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Using a Monte Carlo framework, we analyze the risks and rewards of moving from an unfunded defined benefit pension system to a funded plan for German civil servants, allowing for alternative strategic contribution and investment patterns. In the process we integrate a Conditional Value at Risk (CVaR) restriction on overall plan costs into the pension manager’s objective of controlling contribution rate volatility. After estimating the contribution rate that would fully fund future benefit promises for current and prospective employees, we identify the optimal contribution and investment strategy that minimizes contribution rate volatility while restricting worst-case plan costs. Finally, we analyze the time path of expected and worst-case contribution rates to assess the chances of reduced contribution rates for current and future generations. Our results show that moving toward a funded public pension system can be beneficial for both civil servants and taxpayers.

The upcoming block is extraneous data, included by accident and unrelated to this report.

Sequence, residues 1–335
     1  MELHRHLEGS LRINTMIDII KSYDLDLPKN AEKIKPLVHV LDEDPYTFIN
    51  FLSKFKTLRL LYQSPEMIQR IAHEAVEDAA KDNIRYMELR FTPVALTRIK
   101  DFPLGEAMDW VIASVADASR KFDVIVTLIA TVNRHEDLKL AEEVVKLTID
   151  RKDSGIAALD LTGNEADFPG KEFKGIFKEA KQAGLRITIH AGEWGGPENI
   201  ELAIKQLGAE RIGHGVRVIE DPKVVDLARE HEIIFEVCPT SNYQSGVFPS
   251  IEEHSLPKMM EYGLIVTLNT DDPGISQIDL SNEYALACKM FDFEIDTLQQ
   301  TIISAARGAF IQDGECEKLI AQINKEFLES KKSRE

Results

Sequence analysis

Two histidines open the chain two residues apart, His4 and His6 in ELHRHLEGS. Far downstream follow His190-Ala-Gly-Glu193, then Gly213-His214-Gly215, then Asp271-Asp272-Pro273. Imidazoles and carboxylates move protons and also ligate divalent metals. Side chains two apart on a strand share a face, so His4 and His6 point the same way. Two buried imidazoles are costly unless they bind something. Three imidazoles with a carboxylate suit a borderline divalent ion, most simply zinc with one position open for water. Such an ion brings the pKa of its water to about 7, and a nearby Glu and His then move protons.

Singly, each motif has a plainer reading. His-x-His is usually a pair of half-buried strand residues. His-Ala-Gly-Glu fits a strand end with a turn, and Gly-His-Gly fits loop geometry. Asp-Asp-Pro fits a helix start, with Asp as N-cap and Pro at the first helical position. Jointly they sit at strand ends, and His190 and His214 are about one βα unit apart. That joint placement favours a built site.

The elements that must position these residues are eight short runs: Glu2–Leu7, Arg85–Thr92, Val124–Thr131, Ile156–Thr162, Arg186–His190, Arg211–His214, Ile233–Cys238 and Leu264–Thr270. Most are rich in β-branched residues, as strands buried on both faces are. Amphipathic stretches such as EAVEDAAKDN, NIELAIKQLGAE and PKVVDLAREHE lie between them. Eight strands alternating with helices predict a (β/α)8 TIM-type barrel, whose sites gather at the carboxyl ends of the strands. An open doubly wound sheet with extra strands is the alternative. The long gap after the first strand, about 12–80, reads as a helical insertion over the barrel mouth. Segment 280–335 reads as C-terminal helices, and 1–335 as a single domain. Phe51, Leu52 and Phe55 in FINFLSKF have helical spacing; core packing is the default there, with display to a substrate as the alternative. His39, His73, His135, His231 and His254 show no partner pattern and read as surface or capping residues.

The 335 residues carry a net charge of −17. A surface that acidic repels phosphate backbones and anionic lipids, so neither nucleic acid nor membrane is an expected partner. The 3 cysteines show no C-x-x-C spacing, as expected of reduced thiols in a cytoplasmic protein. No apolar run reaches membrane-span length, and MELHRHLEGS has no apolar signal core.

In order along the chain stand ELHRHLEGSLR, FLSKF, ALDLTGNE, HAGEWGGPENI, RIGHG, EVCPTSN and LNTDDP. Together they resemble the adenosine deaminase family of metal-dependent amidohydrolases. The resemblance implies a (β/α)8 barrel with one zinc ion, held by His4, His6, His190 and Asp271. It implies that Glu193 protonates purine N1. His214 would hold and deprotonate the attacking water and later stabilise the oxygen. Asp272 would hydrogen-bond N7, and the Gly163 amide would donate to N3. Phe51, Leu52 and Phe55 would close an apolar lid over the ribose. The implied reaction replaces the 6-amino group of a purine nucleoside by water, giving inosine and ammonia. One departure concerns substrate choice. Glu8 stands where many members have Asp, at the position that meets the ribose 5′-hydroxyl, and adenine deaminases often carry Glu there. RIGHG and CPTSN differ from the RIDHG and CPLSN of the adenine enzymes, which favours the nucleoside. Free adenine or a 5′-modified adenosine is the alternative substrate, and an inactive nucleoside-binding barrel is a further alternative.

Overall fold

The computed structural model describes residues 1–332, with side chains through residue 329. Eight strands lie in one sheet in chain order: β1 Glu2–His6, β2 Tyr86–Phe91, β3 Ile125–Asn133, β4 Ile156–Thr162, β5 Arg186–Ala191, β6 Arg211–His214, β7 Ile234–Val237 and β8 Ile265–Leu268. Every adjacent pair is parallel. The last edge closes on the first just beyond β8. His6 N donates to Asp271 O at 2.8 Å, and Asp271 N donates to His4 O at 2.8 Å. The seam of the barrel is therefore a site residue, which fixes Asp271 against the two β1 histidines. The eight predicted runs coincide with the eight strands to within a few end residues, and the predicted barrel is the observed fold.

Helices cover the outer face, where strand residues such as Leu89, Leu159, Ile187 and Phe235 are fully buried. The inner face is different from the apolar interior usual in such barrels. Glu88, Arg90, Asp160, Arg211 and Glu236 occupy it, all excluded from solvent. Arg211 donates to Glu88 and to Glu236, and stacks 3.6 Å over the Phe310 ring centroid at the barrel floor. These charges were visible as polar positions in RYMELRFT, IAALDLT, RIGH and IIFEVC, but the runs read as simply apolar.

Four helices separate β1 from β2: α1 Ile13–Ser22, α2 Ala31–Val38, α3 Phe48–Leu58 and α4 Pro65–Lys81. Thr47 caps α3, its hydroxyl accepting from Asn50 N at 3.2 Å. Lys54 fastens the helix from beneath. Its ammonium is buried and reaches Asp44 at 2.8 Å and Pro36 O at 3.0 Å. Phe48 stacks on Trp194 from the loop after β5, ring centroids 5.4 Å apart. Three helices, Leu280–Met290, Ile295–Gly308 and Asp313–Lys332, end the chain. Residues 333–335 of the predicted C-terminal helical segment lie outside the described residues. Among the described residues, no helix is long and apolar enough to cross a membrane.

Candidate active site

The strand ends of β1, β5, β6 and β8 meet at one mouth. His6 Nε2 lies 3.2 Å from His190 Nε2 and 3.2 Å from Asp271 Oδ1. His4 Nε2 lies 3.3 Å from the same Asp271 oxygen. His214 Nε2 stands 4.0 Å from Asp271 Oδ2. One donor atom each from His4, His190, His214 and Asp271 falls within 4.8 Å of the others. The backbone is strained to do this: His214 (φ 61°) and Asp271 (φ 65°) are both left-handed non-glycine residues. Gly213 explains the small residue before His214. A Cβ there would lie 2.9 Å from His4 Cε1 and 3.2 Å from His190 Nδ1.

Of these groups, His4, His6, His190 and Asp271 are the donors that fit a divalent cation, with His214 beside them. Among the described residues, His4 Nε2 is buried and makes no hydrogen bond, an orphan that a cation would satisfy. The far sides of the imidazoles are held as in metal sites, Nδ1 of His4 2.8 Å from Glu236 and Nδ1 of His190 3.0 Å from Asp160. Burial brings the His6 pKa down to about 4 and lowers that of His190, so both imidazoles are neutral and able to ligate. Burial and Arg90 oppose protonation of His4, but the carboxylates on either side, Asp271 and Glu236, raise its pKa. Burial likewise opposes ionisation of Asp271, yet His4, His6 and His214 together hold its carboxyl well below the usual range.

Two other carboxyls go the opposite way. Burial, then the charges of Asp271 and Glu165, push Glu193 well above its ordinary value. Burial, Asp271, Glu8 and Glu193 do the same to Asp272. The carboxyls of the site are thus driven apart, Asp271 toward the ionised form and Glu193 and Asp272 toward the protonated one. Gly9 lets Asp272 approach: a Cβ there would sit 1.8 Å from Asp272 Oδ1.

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© 2008 Pension Research Council of the Wharton School of the University of Pennsylvania. All rights reserved.
This research was conducted with support from the TransCoop Program of the Alexander von Humboldt Foundation and the Pension Research Council (PRC) at The Wharton School of the University of Pennsylvania. We are grateful for useful comments from Peter Brady, Peter König, and Steven Haberman, and for data provided by the Hessian Statistical Office. This is part of the NBER Program on the Economics of Aging. Opinions and errors are solely those of the authors and not of the institutions with whom the authors are affiliated.
Date Posted: 07 August 2019